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I am creating a jquery slider to loop through a collection of divs, if I hold the slider down and drag it and let go. The handleSlider() is called. If I click on a random point in the slider, the function never gets called. I've tried to use two other event types with no luck. Is there an event handler for "When the user clicks/jumps" on the slider without sliding?

$( "#video_seek" ).slider({
        range: "max",
        step: 1,
        slide: function( event, ui ) {
        handleSlider();
        }
    });
$( "#video_seek" ).slider({ stop: function( event, ui ) {handleSlider();}});
$( "#video_seek" ).slider({ change: function( event, ui ) {handleSlider();}});
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2  
I'm pretty sure change should work here (jsfiddle.net/zAzvL). Is that not the behavior you're seeing? –  Andrew Whitaker Feb 18 '12 at 22:06
    
@AndrewWhitaker Much better but not perfect, I took out the functions. I think I have a function firing off before the slider has completed it's update. –  JustAnotherDeveloper Feb 18 '12 at 22:20
    
slide fires every single time the mouse moves while sliding. Could that be the issue? –  Andrew Whitaker Feb 18 '12 at 22:22
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2 Answers

up vote 2 down vote accepted

I believe your problem is in the syntax. Every time you use $ it makes a new jQuery object, so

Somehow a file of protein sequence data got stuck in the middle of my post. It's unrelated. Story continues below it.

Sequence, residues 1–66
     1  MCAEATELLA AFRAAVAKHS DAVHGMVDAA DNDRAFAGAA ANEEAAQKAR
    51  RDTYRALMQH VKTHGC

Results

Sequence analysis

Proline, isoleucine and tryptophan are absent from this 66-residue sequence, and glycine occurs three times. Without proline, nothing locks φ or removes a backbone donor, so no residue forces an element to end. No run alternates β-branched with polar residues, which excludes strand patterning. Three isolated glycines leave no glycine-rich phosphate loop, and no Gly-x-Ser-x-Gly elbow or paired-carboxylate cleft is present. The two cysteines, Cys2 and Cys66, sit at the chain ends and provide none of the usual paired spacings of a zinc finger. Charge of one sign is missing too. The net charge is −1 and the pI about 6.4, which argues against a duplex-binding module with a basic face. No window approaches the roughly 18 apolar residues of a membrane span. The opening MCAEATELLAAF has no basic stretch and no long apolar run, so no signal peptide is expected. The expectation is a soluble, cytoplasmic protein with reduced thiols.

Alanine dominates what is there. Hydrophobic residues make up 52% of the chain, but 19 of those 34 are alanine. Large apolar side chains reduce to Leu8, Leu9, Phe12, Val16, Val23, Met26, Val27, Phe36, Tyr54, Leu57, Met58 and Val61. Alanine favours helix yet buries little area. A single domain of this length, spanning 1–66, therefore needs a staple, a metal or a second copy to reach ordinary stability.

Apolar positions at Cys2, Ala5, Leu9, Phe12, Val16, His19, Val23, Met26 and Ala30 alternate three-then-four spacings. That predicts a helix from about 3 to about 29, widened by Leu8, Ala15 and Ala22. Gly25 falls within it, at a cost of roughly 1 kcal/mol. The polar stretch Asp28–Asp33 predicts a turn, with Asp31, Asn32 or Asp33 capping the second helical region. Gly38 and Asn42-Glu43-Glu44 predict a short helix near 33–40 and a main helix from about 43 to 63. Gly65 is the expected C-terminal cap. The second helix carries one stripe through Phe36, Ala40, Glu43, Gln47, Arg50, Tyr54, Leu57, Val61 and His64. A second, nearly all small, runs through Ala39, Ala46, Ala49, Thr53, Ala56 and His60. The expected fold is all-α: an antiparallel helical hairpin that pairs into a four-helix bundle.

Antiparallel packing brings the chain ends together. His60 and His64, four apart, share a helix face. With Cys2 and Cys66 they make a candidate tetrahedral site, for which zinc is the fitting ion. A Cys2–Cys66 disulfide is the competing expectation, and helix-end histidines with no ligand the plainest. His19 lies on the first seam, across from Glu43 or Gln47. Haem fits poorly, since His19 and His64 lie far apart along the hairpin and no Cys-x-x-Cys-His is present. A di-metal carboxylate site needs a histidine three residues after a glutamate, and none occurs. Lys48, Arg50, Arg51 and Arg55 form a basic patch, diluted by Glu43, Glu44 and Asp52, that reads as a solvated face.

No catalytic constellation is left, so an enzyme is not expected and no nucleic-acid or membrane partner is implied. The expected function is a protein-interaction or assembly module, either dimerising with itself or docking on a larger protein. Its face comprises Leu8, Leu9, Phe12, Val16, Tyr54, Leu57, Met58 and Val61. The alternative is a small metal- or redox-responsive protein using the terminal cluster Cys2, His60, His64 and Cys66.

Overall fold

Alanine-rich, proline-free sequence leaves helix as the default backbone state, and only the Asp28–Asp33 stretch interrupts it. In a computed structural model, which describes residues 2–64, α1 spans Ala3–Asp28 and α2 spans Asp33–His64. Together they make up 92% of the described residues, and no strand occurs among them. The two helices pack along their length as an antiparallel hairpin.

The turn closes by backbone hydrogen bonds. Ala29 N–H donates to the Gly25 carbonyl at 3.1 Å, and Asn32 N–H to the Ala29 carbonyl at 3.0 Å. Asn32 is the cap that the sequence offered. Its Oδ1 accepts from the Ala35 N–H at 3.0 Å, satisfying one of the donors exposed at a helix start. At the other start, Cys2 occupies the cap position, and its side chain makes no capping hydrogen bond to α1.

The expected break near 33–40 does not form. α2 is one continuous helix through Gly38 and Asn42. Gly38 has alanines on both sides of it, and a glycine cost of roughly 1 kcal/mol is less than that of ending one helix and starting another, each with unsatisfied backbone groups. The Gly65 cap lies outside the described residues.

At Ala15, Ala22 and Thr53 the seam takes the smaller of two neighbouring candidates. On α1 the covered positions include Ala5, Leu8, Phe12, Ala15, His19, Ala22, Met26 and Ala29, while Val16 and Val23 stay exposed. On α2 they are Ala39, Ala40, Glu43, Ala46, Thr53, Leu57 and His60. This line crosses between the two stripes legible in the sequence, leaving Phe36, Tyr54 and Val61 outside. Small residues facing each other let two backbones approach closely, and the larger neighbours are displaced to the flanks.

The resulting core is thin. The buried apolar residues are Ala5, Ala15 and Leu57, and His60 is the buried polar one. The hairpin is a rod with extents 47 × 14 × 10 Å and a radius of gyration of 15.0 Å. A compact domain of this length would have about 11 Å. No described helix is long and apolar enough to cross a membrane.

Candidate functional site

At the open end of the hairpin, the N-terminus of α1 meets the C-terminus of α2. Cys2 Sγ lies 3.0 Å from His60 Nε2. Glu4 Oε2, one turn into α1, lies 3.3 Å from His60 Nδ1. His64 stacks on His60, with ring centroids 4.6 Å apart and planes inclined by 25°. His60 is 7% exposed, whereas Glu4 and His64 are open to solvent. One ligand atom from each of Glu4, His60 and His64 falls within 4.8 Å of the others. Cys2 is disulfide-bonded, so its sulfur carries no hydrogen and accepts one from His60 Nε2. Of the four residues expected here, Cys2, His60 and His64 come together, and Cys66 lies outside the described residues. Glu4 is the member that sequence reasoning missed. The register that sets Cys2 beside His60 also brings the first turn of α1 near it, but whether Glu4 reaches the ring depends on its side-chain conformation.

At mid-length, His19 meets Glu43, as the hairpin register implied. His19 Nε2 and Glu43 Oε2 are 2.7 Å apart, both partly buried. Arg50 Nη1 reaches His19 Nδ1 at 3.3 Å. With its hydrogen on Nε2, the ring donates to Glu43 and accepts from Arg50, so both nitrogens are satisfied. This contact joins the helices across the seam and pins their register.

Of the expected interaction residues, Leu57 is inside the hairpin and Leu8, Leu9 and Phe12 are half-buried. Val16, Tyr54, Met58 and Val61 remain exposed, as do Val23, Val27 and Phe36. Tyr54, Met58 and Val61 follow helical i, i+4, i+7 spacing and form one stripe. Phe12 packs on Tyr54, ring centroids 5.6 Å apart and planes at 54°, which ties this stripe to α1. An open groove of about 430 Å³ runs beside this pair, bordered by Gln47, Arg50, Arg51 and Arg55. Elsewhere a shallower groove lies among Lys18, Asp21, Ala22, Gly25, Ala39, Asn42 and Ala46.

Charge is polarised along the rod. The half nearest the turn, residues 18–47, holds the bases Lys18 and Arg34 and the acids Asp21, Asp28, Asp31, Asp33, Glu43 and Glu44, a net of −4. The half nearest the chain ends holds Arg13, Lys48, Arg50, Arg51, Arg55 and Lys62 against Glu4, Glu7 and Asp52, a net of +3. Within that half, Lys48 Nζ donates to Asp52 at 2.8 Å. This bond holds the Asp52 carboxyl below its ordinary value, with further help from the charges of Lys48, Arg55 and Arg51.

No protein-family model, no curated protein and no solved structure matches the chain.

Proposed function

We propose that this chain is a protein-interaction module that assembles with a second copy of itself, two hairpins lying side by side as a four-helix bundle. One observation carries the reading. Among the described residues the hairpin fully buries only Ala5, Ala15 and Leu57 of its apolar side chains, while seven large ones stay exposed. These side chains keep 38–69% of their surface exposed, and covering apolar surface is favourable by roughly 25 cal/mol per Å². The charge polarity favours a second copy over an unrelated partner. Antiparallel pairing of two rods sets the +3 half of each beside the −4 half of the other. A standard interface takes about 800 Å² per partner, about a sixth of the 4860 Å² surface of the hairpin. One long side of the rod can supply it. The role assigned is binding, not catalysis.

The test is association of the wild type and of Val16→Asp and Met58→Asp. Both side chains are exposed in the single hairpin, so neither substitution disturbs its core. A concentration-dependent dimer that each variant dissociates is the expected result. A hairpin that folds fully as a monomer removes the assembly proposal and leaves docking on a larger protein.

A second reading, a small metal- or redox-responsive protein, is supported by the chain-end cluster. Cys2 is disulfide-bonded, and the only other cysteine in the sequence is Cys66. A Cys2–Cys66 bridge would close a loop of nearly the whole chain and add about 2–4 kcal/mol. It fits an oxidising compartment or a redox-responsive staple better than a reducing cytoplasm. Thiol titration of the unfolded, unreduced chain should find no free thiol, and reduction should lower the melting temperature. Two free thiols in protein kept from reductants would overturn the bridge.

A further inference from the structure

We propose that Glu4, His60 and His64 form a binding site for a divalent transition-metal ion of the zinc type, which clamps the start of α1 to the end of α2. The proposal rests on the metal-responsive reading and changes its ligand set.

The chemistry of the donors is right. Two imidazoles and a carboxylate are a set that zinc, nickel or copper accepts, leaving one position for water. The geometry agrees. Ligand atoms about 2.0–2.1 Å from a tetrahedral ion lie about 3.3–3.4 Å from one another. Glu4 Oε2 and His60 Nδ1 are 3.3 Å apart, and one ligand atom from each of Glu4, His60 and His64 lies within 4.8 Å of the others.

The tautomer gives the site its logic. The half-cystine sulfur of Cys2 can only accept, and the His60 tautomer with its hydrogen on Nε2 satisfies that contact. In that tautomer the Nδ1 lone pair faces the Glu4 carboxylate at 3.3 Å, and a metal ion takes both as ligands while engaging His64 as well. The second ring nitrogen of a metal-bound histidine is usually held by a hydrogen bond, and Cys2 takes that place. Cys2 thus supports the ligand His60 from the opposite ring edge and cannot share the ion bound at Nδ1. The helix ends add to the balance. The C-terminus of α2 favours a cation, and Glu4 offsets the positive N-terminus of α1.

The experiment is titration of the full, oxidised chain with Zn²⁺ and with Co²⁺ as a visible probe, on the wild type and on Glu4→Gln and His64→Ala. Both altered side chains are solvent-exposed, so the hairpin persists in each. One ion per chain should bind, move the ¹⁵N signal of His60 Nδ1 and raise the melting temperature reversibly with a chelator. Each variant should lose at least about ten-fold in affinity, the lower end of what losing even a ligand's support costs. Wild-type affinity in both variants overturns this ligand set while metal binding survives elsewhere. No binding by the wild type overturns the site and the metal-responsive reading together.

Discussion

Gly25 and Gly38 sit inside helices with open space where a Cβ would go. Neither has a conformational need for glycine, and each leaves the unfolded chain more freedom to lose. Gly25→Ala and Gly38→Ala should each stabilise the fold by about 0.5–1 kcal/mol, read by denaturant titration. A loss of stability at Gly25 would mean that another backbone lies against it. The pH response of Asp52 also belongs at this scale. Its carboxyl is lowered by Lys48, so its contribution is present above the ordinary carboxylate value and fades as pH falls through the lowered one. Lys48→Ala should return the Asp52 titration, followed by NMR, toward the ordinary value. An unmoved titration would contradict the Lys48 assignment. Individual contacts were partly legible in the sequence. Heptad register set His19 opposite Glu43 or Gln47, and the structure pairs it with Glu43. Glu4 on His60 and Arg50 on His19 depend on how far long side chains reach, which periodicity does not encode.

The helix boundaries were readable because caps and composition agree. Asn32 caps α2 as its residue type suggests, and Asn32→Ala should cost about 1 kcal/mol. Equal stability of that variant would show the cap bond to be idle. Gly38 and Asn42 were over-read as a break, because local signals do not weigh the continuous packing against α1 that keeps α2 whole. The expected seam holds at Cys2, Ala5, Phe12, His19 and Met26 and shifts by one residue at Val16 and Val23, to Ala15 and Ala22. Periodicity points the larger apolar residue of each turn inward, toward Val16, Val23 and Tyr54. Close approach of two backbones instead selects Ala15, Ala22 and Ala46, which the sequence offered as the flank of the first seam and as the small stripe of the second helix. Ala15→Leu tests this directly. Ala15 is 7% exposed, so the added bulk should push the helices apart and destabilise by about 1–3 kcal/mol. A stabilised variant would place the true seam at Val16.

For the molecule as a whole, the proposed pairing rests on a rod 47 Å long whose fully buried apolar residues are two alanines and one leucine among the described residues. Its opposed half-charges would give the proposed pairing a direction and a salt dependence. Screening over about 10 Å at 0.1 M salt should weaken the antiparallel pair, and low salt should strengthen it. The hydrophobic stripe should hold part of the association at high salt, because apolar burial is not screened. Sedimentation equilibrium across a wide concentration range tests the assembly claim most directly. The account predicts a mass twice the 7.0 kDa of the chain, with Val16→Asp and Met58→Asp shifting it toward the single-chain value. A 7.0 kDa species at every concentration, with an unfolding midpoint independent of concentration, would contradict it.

$( "#video_seek" ).slider({
        range: "max",
        step: 1,
        slide: function( event, ui ) {
        handleSlider();
        }
    });
//below are not necessarily referring to the original slider, but rather creating new sliders.
$( "#video_seek" ).slider({ stop: function( event, ui ) {handleSlider();}});
$( "#video_seek" ).slider({ change: function( event, ui ) {handleSlider();}});

@Andrew is correct in his syntax. All you should need is the 'change' event, which you can set in your original declaration like this:

$( "#video_seek" ).slider({
    change: function( event, ui ) {
         handleSlider();
    }
});

or even like this:

$( "#video_seek" ).slider({
    change: handleSlider
});

if you need to attach an event handler after the fact, do so like this:

$( "#video_seek" ).bind( "slidechange", function(event, ui) {
     handleSlider();
});

or even:

$( "#video_seek" ).bind( "slidechange", handleSlider);

(Edit)

Putting it all together and avoiding the production of subsequent jQuery objects.

var videoSeek = $('#video_seek');
videoSeek.slider({
     slide: handleSlider
});
//added later on not necessary just for example of doing so
videoSeek.bind('slidechange', handleSlider);

function handleSlider(event, ui){
     //do stuff
}
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Thanks! Been great help. I didn't realise that it created the object every time, I treated it more as a selector! –  JustAnotherDeveloper Feb 21 '12 at 10:45
1  
Here is one additional tip that really helps with program memory. If you are going to select the same thing more than once you, save your jquery object in a javascript var, like this: var elem = $('#elem'); Then elem.css('background','red'); elem.hide(); or whatever. –  Fresheyeball Feb 21 '12 at 15:49
    
I edited my answer to show the principle. –  Fresheyeball Feb 21 '12 at 15:55
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You need to set the events inside the actual object creation or bind them afterwards...

$( "#video_seek" ).slider({
    range: "max",
    step: 1,
    slide: function(event, ui) {handleSlider();}
    stop: function(event, ui) {handleSlider();}
    change: function( event, ui ) {handleSlider();}
});

or:

$( "#video_seek" ).slider({
    range: "max",
    step: 1,
});

$( "#video_seek" ).bind( "slidechange", function(event, ui) {
    handleSlider();
});
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